September 8, 2010


Highlight of the Week

MacGruber (Alliance) As any Corky Romano survivor will confirm, succinct sketch comedy almost never makes for feature-length funny. Will Forte’s special-ops spoof was one of the best sketches of the past few years on the ever-waning SNL and, whaddya know, it is now the best sketch-to-movie adaptation since… Wayne’s World 2? Funny-gal Kristen Wiig resumes the position as MacGruber’s sidekick, and together they fight to foil Val Kilmer’s diabolical scheme to blow shit up with a stolen nuke. Along with saving the world or whatever, the two engage in the most amazingly idiotic sex since Team America (or The Room). Could this be the shitty-movie antidote SNL has waited all these years for? Recent news of Forte being replaced this season doesn’t help matters. This DVD comes with both theatrical and unrated cuts. (Virtually indistinguishable, apparently the unrated version is four minutes longer.) Extras include cast ’n’ crew commentary, a ridiculously brief deleted scene that should’ve either been left in the movie or not included on this DVD, and a good ol’ gag reel. 

Also Available

Micmacs (eOne) Jean-Pierre Jeunet makes a welcome return to his whimsical roots. After taking a stray bullet to the brain, Bazil — who grew up fatherless due to a freak landmine accident — meets up with a clan of junkyard misfits who help him even the score with the competing arms manufacturers responsible for both mishaps. Jeunet’s films have the tendency to feel emotionally stilted, which is particularly jarring whenever Micmacs attempts to dig at something deeper than dazzling visuals and inspired sight gags. Still only two features on, Jeunet has yet to deliver a flat-out-brilliant follow-up to 2001’s flat-out-brilliantAmélie. Extras: a brief but decent interview with J-PJ.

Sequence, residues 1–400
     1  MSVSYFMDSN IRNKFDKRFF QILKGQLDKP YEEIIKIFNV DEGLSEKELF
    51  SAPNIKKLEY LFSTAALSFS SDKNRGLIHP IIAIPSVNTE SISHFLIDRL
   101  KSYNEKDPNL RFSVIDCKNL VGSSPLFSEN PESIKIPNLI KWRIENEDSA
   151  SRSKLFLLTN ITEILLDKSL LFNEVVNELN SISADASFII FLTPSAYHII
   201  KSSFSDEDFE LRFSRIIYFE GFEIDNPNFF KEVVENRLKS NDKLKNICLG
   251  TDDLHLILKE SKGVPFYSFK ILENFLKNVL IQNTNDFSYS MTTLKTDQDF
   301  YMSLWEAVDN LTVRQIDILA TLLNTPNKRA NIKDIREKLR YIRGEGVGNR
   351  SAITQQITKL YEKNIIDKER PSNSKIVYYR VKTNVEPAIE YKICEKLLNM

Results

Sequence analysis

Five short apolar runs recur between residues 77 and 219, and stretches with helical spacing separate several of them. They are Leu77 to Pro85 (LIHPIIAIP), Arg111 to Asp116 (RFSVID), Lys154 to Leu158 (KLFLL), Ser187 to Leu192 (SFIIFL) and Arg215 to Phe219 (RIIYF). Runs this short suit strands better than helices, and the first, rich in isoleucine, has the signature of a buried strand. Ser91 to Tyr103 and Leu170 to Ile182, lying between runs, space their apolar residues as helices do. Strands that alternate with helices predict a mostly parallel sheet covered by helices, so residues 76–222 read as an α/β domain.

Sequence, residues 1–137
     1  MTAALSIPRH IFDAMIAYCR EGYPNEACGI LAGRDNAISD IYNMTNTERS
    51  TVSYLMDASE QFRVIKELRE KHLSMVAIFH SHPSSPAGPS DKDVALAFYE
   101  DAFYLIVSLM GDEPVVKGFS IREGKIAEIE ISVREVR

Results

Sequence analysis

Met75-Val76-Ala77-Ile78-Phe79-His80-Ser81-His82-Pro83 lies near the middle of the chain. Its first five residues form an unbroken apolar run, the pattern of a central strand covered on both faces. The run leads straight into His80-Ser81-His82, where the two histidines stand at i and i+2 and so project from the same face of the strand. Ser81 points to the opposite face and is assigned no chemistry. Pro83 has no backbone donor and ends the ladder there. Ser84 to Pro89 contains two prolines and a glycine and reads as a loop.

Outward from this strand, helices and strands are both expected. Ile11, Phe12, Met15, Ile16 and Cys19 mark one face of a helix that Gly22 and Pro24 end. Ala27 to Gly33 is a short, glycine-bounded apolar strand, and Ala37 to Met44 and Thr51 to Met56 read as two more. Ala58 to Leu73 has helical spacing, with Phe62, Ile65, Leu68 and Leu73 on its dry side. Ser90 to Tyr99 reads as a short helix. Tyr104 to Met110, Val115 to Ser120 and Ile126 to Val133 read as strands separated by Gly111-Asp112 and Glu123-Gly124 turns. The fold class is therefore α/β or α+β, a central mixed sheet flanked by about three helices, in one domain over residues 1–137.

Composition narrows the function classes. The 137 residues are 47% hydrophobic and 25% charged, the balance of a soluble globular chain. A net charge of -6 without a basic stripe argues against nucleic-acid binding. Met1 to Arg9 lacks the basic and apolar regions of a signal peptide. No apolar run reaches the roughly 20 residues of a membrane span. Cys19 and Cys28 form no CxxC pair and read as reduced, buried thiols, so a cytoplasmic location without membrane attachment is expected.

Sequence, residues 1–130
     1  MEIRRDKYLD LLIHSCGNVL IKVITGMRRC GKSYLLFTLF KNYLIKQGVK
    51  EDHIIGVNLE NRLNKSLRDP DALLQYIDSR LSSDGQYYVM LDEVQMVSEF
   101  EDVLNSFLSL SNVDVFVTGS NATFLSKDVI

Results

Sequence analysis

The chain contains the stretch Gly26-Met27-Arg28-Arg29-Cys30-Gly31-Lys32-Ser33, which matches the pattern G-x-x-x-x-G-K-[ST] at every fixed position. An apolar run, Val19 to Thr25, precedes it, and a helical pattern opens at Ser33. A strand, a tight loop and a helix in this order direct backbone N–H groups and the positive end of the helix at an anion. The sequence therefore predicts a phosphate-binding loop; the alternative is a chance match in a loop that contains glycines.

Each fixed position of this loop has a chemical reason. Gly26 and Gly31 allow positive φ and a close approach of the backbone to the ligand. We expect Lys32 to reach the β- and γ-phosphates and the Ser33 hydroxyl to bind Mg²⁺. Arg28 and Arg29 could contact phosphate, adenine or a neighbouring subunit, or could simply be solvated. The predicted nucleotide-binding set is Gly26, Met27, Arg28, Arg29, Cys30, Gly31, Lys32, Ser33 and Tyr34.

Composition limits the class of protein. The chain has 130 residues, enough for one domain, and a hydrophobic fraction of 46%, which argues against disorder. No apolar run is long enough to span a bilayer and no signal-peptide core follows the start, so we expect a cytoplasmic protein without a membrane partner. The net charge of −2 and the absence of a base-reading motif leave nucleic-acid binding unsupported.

Critters Collection (New Line) Is there anything more deserving of your hard-earned clams than this budget-friendly Critters collection? Yes, plenty of things. On the other hand, with the four flicks costing less than a subway token each, you can cost-effectively watch those fangy alien hairballs (think: space Gremlins) chomp their way through small town USA, Billy Zane, sexy Los Angeles and the furthest reaches of the galaxy any time you feel the urge. Tough crowd. How about Leonardo DiCaprio making his film-acting debut in one of the sequels? I’m not saying which one, but the DVD cover will gladly tell you. Extras: understandably nonexistent, though the sweet vintage poster art is sorely missed. 

James and the Giant Peach (Disney) Sandwiched between The Nightmare Before Christmas and Coraline (let’s forget Monkeybone), this odd adaptation of the beloved 1961 Roald Dahl children’s book was another success from Henry “guy who everyone thinks is Tim Burton” Selick. While it may not be as gobsmackingly splendid as his other work (again, forget Monkeybone), this 1996 stop-motion odyssey is worth revisiting in high-def for its smashing stop-motion visuals and freaky live-action bookends. The reissue skimps on extras: activity games, behind-the-scenes material and a Randy Newman music video. Post-Coraline Selick commentary would have been nifty. Or at the very least get Tim Burton — no one would know the difference.